"%t %h %{SSL_PROTOCOL}x %{SSL_CIPHER}x \"%r\" %b"

7. Restart Apache and Test the SSL Certificate

Finally, to complete the process, you have to restart your Apache server and test the SSL version of your website. If you are able to access the HTTPS version of your site, you have successfully installed a self-signed SSL certificate on your website or web server.

/etc/init.d/httpd stop
/etc/init.d/httpd stop

You just installed an SSL on your website. If you find the HTTPS version of your site is working fine, it is good. But what about the HTTP version? Is it really redirecting you to the HTTPS version or simply makes a duplicate of the website? If it is not redirecting properly, follow the instructions in our guide on HTTP to HTTPS redirection.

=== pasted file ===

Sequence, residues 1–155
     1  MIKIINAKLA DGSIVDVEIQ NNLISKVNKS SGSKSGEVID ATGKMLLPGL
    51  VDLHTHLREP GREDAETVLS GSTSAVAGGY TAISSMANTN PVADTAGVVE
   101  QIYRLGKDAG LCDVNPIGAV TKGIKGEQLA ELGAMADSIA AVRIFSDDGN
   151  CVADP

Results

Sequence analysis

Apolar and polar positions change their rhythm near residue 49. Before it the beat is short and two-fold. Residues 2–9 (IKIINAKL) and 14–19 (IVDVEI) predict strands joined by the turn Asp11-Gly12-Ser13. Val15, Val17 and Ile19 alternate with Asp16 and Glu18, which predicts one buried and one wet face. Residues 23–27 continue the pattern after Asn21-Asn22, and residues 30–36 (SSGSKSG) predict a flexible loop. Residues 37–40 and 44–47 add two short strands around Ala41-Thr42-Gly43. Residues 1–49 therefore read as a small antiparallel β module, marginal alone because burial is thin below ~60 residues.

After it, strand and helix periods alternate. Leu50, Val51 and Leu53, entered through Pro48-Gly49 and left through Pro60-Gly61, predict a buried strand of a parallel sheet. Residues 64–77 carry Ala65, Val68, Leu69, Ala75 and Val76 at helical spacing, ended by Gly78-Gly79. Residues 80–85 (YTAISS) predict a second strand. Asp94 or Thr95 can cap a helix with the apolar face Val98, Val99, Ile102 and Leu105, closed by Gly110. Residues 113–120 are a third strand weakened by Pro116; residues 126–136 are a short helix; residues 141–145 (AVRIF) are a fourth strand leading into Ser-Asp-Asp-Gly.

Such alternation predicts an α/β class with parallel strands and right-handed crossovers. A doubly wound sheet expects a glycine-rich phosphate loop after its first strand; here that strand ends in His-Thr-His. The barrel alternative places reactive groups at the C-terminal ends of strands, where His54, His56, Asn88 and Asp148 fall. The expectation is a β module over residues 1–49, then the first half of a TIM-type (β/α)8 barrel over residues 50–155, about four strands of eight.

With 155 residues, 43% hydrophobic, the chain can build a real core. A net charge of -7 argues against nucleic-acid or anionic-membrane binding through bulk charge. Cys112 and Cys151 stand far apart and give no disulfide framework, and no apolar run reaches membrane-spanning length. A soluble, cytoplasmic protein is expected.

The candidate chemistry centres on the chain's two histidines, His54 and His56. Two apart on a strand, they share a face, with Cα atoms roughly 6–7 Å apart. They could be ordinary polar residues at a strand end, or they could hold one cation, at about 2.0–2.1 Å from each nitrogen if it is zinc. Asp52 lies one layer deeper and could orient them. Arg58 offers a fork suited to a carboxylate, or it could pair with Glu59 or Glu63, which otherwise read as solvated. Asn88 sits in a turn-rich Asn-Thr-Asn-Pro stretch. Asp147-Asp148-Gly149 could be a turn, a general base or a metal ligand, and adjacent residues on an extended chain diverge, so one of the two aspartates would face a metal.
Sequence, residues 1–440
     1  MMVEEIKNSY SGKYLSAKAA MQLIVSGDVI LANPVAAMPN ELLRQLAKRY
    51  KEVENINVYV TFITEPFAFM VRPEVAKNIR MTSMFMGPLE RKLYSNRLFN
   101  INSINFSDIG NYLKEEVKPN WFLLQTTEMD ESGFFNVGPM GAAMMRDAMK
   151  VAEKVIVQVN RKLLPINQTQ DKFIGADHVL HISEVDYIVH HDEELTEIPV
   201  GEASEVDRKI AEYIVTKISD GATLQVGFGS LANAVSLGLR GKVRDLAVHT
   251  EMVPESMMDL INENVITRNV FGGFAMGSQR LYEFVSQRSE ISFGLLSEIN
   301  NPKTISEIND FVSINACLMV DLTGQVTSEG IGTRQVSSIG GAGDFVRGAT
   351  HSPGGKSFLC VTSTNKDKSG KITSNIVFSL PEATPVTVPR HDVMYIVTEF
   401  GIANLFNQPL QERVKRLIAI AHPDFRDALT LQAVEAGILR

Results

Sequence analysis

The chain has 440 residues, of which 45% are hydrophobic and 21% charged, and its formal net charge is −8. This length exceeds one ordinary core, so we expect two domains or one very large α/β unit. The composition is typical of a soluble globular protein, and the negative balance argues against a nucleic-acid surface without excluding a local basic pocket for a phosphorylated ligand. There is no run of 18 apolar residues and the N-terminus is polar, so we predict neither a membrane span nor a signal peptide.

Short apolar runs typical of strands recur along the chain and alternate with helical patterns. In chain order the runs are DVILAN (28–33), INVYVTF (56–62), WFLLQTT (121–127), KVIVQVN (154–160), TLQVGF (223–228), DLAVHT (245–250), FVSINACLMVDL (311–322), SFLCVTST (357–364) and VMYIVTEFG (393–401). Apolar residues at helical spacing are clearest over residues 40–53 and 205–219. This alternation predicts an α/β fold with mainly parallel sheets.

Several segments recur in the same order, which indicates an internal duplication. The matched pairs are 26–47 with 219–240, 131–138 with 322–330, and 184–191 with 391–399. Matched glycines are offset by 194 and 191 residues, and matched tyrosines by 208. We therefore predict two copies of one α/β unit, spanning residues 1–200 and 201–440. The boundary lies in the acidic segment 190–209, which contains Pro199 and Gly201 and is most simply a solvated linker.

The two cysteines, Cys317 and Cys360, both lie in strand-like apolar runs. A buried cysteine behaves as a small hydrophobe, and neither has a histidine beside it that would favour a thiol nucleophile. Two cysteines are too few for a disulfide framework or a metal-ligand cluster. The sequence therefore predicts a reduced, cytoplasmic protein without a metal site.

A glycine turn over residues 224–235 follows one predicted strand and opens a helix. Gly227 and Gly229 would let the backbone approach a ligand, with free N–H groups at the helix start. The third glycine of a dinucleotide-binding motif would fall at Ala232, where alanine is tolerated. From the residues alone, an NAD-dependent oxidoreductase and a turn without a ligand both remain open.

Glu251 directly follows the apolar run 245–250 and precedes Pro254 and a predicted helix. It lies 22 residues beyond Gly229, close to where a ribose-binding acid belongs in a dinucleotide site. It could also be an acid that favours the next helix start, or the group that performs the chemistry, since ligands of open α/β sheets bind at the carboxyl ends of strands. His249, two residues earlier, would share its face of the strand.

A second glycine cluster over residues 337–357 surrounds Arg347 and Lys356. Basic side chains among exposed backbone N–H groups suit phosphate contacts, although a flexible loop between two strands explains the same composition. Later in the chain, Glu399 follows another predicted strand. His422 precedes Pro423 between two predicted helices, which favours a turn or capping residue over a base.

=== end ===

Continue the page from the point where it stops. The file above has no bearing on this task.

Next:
For you knowledge, generating the self-signed SSLs are fine. But in some browsers, the certificate may not get recognized as valid. This is because the certificate authority (you) are not a trusted authority for signing a certificate. If you find the certificate showing a warning in the browsers, we recommend going for a free SSL. The services like Let’s Encrypt is recognized by numerous giants in the internet world. The sponsor list includes Google Chrome, Mozilla, Shopify, Facebook, etc.

Muhammed Swalih

A simple guy who loves Blogging, SEO, Graphic Designing, etc. By the way, he likes to read a lot and acquire knowledge from various sources online.

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Tags: SSL